While we’ve eaten crickets and mealworms here in the office, we haven’t quite gotten around to munching on stink bugs.
As a best guess though? Dogs’ noses are incredible, ours sniff out bed bugs when they are so small that it would otherwise be like looking for a sewing needle in a whole hayfield.
If they can smell even a little of the odor that is excreted when stink bugs are squished, we can’t blame them for not eating them. Cicadas are generally bigger than stink bugs and uncoordinated so they probably make for a fun “toy.”
Maryland homeowners commonly panic when they discover brown marmorated stink bugs have managed to get inside of their home. Especially when you discover 20 of them are gathered around your window!
Many people may be inclined to squash as many as they can, but wait, do stink bugs actually stink?
YES! Stink bugs get their name from a foul-smelling substance that they produce from their scent glands.
When stink bugs are startled or crushed they will release an unpleasant odor. This substance is suspected to be used to repel predators, warn other stink bugs, and to attract mates. So don’t squash those stink bugs because that smell will be emitted through the house if you crush them.
So now that you know not to squash them, you're probably wondering how to get rid of stink bugs.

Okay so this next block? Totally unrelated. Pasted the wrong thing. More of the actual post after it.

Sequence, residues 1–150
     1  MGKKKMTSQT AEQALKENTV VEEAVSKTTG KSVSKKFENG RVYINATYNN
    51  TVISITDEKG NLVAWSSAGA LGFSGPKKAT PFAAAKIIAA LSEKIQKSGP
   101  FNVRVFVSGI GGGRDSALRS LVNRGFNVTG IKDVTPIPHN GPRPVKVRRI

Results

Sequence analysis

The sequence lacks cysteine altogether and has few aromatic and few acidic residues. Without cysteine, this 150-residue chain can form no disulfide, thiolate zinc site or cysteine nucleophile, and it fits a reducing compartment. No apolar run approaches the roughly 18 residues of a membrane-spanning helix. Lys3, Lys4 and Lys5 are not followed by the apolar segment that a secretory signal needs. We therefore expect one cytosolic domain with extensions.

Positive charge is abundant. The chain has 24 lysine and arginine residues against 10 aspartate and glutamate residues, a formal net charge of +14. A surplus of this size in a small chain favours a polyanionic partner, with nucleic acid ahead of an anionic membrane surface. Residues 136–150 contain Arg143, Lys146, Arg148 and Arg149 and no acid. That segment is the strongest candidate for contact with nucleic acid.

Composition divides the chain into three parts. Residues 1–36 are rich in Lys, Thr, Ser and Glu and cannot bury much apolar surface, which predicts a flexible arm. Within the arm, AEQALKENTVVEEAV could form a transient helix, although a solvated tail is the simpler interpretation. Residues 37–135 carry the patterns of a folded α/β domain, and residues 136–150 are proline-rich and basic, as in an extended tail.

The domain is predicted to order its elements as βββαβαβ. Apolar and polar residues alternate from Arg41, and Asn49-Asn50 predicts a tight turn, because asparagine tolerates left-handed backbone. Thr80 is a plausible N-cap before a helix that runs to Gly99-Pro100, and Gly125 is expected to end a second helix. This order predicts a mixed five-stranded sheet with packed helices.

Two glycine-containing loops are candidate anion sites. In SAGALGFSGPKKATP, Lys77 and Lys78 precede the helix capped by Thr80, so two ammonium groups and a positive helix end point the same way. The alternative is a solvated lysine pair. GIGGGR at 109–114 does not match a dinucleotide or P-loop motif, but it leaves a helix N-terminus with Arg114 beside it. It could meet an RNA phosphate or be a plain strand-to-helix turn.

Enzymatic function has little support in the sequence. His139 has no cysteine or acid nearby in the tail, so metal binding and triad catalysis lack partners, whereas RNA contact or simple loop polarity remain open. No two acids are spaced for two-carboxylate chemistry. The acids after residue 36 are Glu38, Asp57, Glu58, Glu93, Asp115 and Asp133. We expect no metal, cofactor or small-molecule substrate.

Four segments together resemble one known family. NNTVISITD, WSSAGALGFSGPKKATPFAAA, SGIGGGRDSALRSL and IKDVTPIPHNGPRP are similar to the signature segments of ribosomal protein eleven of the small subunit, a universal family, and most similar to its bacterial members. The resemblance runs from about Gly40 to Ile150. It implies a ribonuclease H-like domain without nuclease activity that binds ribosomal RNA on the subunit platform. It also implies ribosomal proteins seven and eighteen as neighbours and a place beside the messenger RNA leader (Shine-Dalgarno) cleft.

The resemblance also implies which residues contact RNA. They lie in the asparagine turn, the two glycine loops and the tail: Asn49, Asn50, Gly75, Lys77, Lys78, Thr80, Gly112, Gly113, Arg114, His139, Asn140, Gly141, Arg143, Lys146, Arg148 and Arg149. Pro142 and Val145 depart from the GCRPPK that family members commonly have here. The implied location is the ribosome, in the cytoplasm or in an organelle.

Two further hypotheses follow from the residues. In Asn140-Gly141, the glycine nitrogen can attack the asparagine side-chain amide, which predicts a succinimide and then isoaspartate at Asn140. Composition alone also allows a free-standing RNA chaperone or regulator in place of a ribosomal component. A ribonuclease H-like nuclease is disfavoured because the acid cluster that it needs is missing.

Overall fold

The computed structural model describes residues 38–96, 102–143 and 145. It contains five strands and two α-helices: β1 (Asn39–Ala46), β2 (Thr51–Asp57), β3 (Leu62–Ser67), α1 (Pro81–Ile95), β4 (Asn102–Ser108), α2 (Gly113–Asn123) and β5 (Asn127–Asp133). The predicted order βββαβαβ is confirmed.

Unfortunately, Do-It-Yourself methods don’t prove to be effective in most cases. The most important factor is locating the entry point and sealing it so stink bugs, as well as any other pests, can’t return.
If you want to remove stink bugs from your home temporarily, consider grabbing them with a tissue and flushing them. Then contact us for help in locating and sealing entry points.
It can be difficult to get rid of stink bugs as they are commonly found inside and outside of homes.
However, American Pest is here for stink bug control and eradication. Our pest professionals will thoroughly inspect your property and create a custom solution to rid you of the foul-smelling pests in the quickest, safest way possible.
Contact us today and get more information about our stink bug reduction services.
Vacuum! Rather than squishing stink bugs that have invaded your home and releasing their odor, vacuuming them up will get them off the ceiling without causing a stink.
Since stink bugs often invade in large numbers as we saw in 2010, vacuuming may be the fastest way to get them out of your house as well.
Just make sure when you empty the vacuum canister or bag to do so in such a way that the bugs don’t just crawl out of your trash can!
Also consider these tips:
⭐ Your screens will need to be inspected and fixed. This is a popular entry point for stink bugs.
⭐ They also like to squeeze in past weather stripping that has slid down, due to gravity.
⭐ Adjust your weather stripping, and examine your door sweeps.
⭐ If you have cracks around your windows, use a caulking gun to seal them up. Don't worry if your windows aren't white, some caulk is paintable. Grab a little of that.
Once you have sealed up the cracks, holes, gaps, and rips, you'll be protected.
But even after this, some people still get stink bugs coming inside. If this is the case for you, have a professional spray your perimeter, or exterior walls. This will deter stink bugs from crawling around on your walls, looking for the entry point you didn't see.
With this combination of defensive measures, you can stop those stink bugs from getting inside. It is as simple is as that.